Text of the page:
Last week when all the rumours about a bidding war for Skype between giants Facebook and Google were flying around the web, I, like many people, was envisioning a Skype module built into Facebook in order to enhance their existing (and rather rudimentary) chat application. The marketer in me was also salivating over the prospect of being able to add web video ads via the Facebook ads platform- my firm has been producing web video for some time, and has been chomping at the bit to get those opportunities integrated into the social media world in a seamless manner.
Microsoft really came out of the blue with the purchase deal for Skype. Very few analysts were dropping the M-word in the discussion of rumours about a private purchase of Skype. The $8 billion dollar deal may or may not be high- the end value of Skype now really depends on what Microsoft does with it in the long run- if Microsoft can turn it into a revenue powerhouse as a standalone product, or integrate the technology and infrastructure into other products, $8 billion may turn out to be a bargain. One thing’s for sure, the price tag Microsoft paid will inevitably cause the analysts who were highly critical of eBay’s $2.6 billion dollar purchase of Skype a few years ago to stop and ponder (I admit that I was a bit skeptical about it at the time, but my view softened when Skype was spun out of eBay and flourished on its own- clearly a good team and solid vision were part of the value).
The real strength of this deal for Microsoft was in the strategic move, however. By purchasing Skype, Microsoft can integrate its technology into the Windows Phone 7 OS. Normally, I’d say ‘So what?’ but in this case, the move comes after the announcement of Microsoft’s strategic partnership with Nokia (Nokia has all but dropped its Symbian OS- all Nokia smartphones will ship with Windows Phone 7 beginning next year). In North America, Nokia’s share of the handset market is pretty dismal (they’ve been all but shut out in the past few years by RIM, Apple, and the Android-backed HTC); but Nokia does still have a sizable market share in Eurasia and developing markets (though Samsung recently overtook Nokia in western Europe as the number one seller of handsets). If Microsoft had attempted to integrate Skype into Windows Phone 7 without the Nokia partnership in place, it may have faced significant backlash from carriers worried about declining airtime revenues due to Skype (especially in advanced markets, where WiFi hotspots are everywhere). As the handset market current stands, any carrier could drop a handset running Windows Phone 7 without adverse effect on its revenues- but dropping the entire line of Nokia phones would be more problematic (though Microsoft may still face some resistance if they proceed with this tactic).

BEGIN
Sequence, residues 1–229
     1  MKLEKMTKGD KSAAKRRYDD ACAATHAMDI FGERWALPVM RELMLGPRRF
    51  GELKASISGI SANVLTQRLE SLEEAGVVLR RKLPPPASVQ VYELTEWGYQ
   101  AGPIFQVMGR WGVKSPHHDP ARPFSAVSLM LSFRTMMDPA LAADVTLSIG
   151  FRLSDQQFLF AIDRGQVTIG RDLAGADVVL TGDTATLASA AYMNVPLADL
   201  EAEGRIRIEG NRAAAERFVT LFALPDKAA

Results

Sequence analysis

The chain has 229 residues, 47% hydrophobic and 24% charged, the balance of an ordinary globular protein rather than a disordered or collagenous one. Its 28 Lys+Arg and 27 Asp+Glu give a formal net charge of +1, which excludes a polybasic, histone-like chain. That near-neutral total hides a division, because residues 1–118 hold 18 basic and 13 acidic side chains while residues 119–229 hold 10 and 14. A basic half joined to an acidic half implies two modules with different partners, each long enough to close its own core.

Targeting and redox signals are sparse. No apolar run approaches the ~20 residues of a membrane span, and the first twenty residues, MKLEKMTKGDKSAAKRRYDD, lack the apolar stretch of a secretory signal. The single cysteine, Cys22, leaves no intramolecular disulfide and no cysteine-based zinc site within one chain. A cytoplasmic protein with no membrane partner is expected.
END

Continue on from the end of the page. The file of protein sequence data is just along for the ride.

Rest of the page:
Only time will tell whether or not this deal can improve Microsoft’s less than encouraging performance in the wireless device market. And though the deal may have been a solid strategic move for CEO Steve Ballmer, there are still some challenges on the horizon re: integrating the two corporate cultures- Microsoft’s is notoriously difficult to integrate into for outsiders in mid-level and higher executive positions; a fact that even Nokia’s Canadian-born CEO would surely admit to if asked (before taking the helm of Nokia, he was a senior-level ‘imported’ executive at Microsoft).
And what will happen to the core Skype product (the web-based software version that boasts 137 million active users)? In the short-term, probably not much. Though the core product offering doesn’t generate a lot of revenue (comparatively speaking), Microsoft would be foolish to risk alienating a user base that is now wary of their freebie videochat fun being taken away. If the core Skype product remains intact over the next year, it’s likely that we’ll see the introduction of web-video based advertisements before and after users engage in Skype chat sessions (Microsoft has invested a lot of capital into its Bing ad network over the last eighteen months, which has an integrated high quality video-based advertising feature).
That alone might be enough for me to take a closer look at media buys on the Bing network (in the past, I’ve heavily favoured Google and social media platforms for client campaigns).
Disclosure: at time of writing, I did not own an equity position in any of the companies mentioned in this article.